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Red Bank Liquidations

In order to avoid insolvencies, the Red Bank offers incentives to liquidators to repay the debt of at-risk positions. Within the Red Bank, the health of a position (the level of collateralisation) is expressed in the health factor (HF) formula. This formula determines if an active account is healthy (overcollateralised) and consequently can be sustained, or at risk (undercollateralised) and consequently needs to be liquidated.

A Liquidation LTV parameter is determined by the Max LTV of an asset. This Max LTV is used to appropriately weight the contribution of each asset as collateral in the account. If a specific account has borrowed more than the adjusted collateral value of all its assets (as determined by their liquidation LTV), then the account will have a HF < 1 and can be liquidated.

Liquidation LTV (LT) = Max LTV + Safety Cushion

The Health Factor formula is a simple ratio of the sum of adjusted assets by their Max LTVs over the amount borrowed in the account.


Ci = Position size of the i-th asset in the account. $$

Pi = Price of the i-th asset in the account.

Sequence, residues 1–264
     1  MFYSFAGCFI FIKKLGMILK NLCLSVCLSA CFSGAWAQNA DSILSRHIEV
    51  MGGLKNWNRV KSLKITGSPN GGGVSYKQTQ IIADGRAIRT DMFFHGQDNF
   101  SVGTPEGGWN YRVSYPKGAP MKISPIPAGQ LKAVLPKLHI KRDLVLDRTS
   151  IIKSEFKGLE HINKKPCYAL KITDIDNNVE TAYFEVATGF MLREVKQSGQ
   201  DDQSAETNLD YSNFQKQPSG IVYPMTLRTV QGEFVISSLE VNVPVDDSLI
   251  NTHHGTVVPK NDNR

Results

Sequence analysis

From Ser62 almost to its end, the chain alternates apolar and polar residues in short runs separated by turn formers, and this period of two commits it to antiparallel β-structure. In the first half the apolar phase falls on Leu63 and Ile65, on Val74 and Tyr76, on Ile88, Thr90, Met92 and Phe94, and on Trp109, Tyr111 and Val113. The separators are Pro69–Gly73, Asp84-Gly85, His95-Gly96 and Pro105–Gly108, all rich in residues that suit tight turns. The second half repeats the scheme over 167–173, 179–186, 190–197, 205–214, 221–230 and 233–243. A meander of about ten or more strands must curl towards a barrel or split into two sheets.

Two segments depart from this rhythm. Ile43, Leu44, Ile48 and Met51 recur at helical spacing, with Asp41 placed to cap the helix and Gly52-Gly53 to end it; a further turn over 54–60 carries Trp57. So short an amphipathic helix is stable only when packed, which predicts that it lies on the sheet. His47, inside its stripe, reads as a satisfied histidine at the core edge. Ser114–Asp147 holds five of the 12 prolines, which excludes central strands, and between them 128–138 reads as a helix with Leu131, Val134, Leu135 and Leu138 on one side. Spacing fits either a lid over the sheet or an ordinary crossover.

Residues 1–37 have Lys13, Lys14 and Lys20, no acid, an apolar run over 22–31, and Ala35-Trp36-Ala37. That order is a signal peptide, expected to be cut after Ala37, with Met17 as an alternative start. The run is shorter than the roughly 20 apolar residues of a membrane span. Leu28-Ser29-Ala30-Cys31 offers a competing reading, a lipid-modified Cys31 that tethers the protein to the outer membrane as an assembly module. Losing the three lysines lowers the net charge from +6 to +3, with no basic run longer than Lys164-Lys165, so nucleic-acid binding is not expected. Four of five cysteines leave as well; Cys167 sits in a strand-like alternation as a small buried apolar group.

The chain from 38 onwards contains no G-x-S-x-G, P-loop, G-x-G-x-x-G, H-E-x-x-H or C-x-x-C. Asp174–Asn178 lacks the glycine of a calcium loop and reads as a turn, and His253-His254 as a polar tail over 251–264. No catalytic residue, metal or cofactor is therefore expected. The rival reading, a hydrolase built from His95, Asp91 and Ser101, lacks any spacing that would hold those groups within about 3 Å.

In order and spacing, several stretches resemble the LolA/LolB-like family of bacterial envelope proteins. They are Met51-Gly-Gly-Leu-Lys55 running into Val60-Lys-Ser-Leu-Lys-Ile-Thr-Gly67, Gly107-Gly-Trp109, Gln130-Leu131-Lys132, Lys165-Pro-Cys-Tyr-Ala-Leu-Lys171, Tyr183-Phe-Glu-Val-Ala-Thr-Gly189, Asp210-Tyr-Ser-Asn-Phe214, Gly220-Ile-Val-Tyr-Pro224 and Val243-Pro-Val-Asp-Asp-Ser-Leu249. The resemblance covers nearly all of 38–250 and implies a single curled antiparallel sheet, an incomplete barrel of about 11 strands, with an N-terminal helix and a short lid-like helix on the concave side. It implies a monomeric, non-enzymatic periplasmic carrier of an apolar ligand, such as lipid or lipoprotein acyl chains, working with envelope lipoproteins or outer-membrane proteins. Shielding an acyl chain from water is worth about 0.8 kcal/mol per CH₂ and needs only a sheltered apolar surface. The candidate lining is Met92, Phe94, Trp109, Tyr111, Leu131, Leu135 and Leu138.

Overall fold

LTi = Liquidation LTV for the i-th asset in the account.

Bk = Borrow size of a k-th liability in the account.

Pk = Price of a k-th liability in the account.

When the health factor of any position falls below 1, it is deemed undercollateralised and becomes liquidatable. When a position becomes liquidatable, any user can repay the debt of the position (up to a limit called the close factor) to receive a portion of the collateral and a bonus.

Liquidations follow a multi-step process:

  1. A third-party liquidator uses on-chain data to identify an account that has a health factor -1.
  2. This liquidator identifies a debt asset they wish to pay back on behalf of an account.
  3. This liquidator also identifies the collateral asset they wish to receive.
  4. The liquidator pays back an arbitrary amount of the user’s debt, up to the close factor (i.e. if the close factor is 50%, the liquidator can only repay up to 50% of the user’s debt in a single liquidation transaction).
  5. The liquidator receives a portion of the user’s collateral equal to the debt repaid and a liquidation bonus (i.e. if the liquidation bonus of the given collateral asset is 10% and the liquidator repaid an equivalent of $100 USD of the user’s debt, the liquidator would receive $110 USD worth of the user’s collateral)

Consider the following liquidation example.

First, a user deposits and borrows from a Red Bank outpost. Over time, the value of their deposit falls. This pushes their health factor below 1 and makes the account eligible for liquidation.

Liquidation flow, Part 1

Liquidation flow, Part 1

A liquidator then identifies the account, pays off a portion of the debt, and receives a 5% liquidation bonus. The user retains a portion of their debt plus their original deposit(s) minus the liquidation bonus.

Liquidation flow, Part 2

Liquidation flow, Part 2